Additionally, the Docker file for your container image should include these additional Docker run commands to install the yum packages that Pegasus requires.

RUN yum -y install perl findutils

After you have pushed the Docker image to the Amazon ECR Repository, the image URL for that image you will use later to refer in the job definition to use for your jobs.

7.4.1.3. One time AWS Batch Setup

If you are using AWS Batch for the very first time, then you need to use the Amazon Web console to create a role with your user that will give the AWS Batch services privileges to execute to access other AWS services such as EC2 Container Service , CloudWatchLogs etc. The following roles need to be created

  1. AWS Batch Service IAM Role: For convenience and ease of use make sure you name the role AWSBatchServiceRole , so that you don't have to make other changes. Complete the procedures listed at AWS Batch Service IAM Role.

  2. Amazon ECS Instance Role: AWS Batch compute environments are populated with Amazon ECS container instances, and they run the Amazon ECS container agent locally. The Amazon ECS container agent makes calls to various AWS APIs on your behalf, so container instances that run the agent require an IAM policy and role for these services to know that the agent belongs to you. Complete the procedures listed at Amazon ECS Instance Role.

  3. IAM Role: Whenever a Pegasus job runs via AWS Batch it needs to fetch data from S3 and push data back to S3. To create this job role follow the instructions at section Create an IAM role in Amazon Fetch and Run Example to create a IAM role named batchJobRole.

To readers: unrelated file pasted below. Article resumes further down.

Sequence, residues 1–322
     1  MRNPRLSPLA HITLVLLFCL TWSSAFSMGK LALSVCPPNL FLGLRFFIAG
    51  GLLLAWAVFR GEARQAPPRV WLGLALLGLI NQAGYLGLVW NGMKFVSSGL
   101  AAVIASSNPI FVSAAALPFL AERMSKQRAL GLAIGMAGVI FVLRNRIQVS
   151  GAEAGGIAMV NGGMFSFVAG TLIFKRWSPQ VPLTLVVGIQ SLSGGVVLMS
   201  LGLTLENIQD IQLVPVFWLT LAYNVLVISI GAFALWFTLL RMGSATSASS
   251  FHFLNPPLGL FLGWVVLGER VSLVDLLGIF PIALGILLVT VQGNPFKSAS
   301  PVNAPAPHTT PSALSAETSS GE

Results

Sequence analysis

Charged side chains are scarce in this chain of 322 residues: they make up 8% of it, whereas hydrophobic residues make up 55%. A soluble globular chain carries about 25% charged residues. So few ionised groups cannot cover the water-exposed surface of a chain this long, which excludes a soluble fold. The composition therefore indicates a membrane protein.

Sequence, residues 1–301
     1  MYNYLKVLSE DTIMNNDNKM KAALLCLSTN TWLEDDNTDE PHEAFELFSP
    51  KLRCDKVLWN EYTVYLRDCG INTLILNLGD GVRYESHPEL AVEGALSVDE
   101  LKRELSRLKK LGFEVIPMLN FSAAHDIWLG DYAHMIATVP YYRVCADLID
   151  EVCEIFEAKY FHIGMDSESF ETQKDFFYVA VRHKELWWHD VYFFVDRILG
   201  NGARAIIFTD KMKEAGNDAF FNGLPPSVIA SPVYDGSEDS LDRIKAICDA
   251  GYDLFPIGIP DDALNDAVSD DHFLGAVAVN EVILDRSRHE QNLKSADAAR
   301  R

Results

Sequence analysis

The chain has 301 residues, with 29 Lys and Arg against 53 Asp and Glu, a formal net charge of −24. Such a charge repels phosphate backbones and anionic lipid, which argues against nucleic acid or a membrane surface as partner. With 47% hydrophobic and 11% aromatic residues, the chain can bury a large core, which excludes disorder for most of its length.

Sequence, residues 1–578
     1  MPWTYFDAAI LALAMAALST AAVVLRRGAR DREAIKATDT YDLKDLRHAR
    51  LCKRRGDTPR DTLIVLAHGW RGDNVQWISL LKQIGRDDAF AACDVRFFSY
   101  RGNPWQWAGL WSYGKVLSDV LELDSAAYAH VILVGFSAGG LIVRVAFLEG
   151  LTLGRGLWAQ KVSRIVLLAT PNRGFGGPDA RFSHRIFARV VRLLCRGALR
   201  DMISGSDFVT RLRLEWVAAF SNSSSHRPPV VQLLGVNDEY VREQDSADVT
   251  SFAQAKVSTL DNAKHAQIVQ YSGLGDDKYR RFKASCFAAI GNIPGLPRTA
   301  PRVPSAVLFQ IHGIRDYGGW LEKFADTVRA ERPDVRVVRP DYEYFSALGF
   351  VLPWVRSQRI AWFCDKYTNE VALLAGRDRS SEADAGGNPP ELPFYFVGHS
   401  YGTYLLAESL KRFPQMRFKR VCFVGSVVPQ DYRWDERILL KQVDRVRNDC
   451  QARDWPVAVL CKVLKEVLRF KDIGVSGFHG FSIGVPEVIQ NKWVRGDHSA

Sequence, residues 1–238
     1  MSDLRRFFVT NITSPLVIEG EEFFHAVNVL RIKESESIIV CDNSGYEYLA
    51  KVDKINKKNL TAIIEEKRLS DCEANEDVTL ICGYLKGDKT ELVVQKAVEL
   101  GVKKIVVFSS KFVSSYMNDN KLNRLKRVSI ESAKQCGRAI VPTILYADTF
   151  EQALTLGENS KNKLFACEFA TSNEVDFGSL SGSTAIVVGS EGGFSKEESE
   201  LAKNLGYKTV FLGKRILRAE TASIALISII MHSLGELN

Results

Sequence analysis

Note

    batchJobRole should have full write access to S3 i.e have the policy AmazonS3FullAccess attached to it.

Note

It is important that you name the roles as listed above. Else, you will need to update the same job definition, compute environment, and job queue json files that you use to create the various Batch entities.

7.4.2. Creation of AWS Batch Entities for your Workflow

AWS Batch has a notion of

  1. Job Definition - job definition is something that allows you to use your container image in Amazon EC2 Repository to run one or many AWS Batch jobs.

  2. Compute Environment - what sort of compute nodes you want your jobs to run on.

  3. Job Queue - the queue that feeds the jobs to a compute environment.

Currently, with Pegasus you can only use one of each for a workflow i.e the same job definition, compute environment and job queue need to be used for all jobs in the workflow.